The Sacrament of the Soul

Fr. Alexander Schmemann famously said that sacraments do not make things into something else so much as they reveal things to be what they are. We hear this in St. Basil’s Liturgy when we ask God to “show” the bread and wine to be the Body and Blood of Christ. The Baptismal liturgy does the same, asking God to “show this water…to be the water of redemption, the water of sanctification, the…

St. Spyridon’s Shoes – and My Shoes

  Earlier this year I was making my way to Antiochian Village for a Writers’ Conference. Walking across the expanse of the Atlanta Airport, I became aware of something odd about my shoes. At first, I thought something had gotten into my shoe, a rock, or some such thing. Then I thought that maybe there was something strange about the footbed. One of my toes seemed to be digging unusually deep as…

Mary: The Blessing of All Generations

In my childhood, it was not unusual to hear someone ask, “Who are your people?” It was a semi-polite, Southernism designed to elicit essential information about a person’s social background. The assumption was that you, at best, could only be an example of your “people.” It ignored the common individualism of the wider culture, preferring the more family or clan-centered existence of an older time. It was possible to be “good people”…

Hopko on the Cross of Christ

An excerpt from a commencement address at St. Vladimir’s Seminary in 2007, given by Fr. Thomas Hopko. It is deeply worthy of conversation. I first posted this back in June, 2007, when it was “new.” That which is true is always new and timeless.  …I can tell you that being loved by God, and loving Him in return, is the greatest joy given to creatures, and that without it there is no…

What’s with the Kingdom of God?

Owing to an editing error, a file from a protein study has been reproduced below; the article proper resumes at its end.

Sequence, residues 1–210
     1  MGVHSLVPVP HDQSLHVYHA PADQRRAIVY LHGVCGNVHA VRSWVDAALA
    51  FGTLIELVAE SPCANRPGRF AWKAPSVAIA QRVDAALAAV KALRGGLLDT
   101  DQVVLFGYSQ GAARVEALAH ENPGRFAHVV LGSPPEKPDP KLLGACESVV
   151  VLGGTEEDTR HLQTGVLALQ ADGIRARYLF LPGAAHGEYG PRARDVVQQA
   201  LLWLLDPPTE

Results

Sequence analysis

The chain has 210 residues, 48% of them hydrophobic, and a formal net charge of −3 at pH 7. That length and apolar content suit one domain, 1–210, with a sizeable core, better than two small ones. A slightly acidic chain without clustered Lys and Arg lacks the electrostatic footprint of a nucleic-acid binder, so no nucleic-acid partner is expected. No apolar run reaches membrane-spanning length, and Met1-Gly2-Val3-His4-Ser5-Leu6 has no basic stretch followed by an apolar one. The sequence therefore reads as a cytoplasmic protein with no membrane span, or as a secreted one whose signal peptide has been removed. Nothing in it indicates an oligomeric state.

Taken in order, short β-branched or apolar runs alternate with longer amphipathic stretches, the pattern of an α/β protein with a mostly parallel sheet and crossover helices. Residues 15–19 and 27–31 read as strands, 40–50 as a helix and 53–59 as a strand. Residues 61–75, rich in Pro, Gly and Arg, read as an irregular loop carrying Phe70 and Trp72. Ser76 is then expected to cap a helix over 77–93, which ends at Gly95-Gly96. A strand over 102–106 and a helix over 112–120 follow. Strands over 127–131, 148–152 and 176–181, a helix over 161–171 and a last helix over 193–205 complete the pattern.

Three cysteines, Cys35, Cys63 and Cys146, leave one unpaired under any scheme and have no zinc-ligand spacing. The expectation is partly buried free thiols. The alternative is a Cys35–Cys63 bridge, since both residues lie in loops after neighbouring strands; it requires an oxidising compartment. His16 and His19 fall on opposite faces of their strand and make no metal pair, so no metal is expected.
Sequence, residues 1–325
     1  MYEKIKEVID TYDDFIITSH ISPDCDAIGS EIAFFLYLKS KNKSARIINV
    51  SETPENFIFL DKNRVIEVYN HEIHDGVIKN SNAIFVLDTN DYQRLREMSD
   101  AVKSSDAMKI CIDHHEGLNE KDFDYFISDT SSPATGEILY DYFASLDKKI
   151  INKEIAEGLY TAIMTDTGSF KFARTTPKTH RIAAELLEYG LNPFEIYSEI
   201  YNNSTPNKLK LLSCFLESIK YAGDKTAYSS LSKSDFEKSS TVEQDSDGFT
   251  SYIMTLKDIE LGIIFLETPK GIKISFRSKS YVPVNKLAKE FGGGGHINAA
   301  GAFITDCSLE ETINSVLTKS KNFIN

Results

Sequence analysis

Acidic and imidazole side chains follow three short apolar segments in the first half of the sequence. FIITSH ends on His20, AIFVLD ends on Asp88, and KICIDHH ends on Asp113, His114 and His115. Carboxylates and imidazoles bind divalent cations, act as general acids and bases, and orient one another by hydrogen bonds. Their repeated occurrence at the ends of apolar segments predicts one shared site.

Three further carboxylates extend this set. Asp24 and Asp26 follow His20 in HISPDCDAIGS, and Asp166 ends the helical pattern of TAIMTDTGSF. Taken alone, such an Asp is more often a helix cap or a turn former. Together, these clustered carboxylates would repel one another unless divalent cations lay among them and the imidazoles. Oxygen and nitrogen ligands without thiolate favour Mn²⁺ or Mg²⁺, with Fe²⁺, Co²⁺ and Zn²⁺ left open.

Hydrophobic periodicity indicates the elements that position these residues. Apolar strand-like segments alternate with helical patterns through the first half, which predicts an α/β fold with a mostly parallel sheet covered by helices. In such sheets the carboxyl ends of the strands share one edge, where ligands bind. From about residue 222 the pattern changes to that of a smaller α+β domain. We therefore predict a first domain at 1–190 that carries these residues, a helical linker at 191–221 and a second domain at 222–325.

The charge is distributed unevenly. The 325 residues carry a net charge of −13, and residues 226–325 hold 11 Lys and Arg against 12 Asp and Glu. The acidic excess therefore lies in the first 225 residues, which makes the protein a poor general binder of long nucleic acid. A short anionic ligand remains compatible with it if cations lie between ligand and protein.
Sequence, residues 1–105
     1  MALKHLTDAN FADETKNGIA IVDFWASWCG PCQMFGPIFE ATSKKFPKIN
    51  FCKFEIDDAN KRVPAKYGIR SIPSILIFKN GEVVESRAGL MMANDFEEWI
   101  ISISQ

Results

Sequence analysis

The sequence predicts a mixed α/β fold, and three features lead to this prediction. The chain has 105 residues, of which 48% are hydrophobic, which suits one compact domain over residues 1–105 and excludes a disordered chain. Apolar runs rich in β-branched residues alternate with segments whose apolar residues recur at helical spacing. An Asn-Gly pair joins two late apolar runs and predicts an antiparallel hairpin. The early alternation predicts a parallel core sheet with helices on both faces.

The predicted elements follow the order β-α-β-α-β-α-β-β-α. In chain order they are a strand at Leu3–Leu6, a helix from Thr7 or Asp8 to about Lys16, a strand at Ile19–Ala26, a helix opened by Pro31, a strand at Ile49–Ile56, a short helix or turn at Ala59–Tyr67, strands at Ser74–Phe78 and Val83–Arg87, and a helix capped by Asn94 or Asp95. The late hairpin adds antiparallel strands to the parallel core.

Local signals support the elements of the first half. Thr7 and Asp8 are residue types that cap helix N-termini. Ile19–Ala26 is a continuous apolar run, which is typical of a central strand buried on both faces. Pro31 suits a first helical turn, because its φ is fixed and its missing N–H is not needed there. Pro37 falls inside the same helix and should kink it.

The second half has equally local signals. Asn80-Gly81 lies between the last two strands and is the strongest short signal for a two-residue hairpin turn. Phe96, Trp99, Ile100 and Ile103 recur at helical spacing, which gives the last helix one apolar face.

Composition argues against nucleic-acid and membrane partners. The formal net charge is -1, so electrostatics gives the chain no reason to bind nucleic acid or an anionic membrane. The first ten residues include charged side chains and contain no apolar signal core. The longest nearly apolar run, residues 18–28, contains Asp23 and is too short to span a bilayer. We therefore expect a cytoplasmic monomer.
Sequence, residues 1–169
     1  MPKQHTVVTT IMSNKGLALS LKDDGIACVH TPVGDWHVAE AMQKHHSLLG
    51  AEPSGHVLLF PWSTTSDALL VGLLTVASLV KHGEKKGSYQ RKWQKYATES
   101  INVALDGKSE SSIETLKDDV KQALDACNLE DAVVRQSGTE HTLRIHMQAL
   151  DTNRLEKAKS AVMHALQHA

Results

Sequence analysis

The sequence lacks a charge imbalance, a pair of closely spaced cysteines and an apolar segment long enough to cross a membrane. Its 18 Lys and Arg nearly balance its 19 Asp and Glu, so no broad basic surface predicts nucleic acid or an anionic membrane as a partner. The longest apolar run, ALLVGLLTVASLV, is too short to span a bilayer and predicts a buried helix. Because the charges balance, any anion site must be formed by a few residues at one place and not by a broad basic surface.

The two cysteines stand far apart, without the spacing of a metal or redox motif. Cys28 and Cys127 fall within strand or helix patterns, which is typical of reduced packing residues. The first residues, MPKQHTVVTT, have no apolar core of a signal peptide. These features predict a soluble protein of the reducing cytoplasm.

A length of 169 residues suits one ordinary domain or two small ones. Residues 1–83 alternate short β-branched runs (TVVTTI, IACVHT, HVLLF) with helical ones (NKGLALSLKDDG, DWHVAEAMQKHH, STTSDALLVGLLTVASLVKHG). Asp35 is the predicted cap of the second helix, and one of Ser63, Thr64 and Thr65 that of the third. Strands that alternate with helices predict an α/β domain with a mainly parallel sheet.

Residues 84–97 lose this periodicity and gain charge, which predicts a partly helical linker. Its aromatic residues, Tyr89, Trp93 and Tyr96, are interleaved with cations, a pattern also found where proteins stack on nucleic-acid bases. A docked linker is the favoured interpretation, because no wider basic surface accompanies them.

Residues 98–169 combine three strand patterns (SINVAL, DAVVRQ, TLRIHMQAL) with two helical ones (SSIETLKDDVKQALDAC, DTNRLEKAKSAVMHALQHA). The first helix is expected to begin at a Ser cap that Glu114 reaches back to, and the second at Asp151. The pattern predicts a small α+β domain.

Thy Kingdom Come Blessed are You on the throne of the glory of Your Kingdom, seated upon the Cherubim; always, now and ever and unto ages of ages. It was You Who brought us from non-existence into being, and when we had fallen away You raised us up again, and did not cease to do all things until You had brought us up to heaven, and had endowed us with Your kingdom…

On the World as Sacrament

I learned my first psalms in public school. As I recall, they were Psalm 23 and Psalm 100. No one looked funny at the teacher when she introduced the topic and no one objected. First, we didn’t know we were allowed to object, and, second, none of us would have known any reason for not doing such a thing. We were a diverse class of children: with both Baptists and Methodists. We…

The Struggle Against The Normal Life

  Within the Christianity of our time, the great spiritual conflict, unknown to almost all, is between a naturalistic/secular world of modernity and the sacramental world of classical Christianity. The first presumes that a literal take on the world is the most accurate. It tends to assume a closed system of cause and effect, ultimately explainable through science and manageable through technology. Modern Christians, quite innocently, accept this account of the world…

Shame and the Modern Identity

It is a common definition that the emotion of shame is about “who I am.” It centers in feelings of exposure, unworthiness, and damaged identity. Guilt, they say, is about “what I have done.” There are ways to deal with guilt – but shame, if it is actually a matter of “who I am,” runs deep. It is little wonder that the wounds of shame can be toxic. Self-loathing and related pain…

You Have One Job – Pray – On Behalf of All and for All

The topics of heaven, hell, purgatory, hades, life-after-death, the judgment, etc., are not among my favorites. There is a particular reason for this: everybody thinks they know more about this than they do and most people assume the Church says more about this than it does. Much of the problem, I think, lies in the fact that we torture the faith into geographical shapes, when it belongs in relational dynamics. That is…

Entering Hell on Pentecost – With Prayer

Pascha (Easter) comes with a great note of joy in the Christian world. Christ is risen from the dead and our hearts rejoice. That joy begins to wane as the days pass. Our lives settle back down to the mundane tasks at hand. After 40 days, the Church marks the Feast of the Ascension, often attended by only a handful of the faithful (Rome has more-or-less moved the Ascension to a Sunday…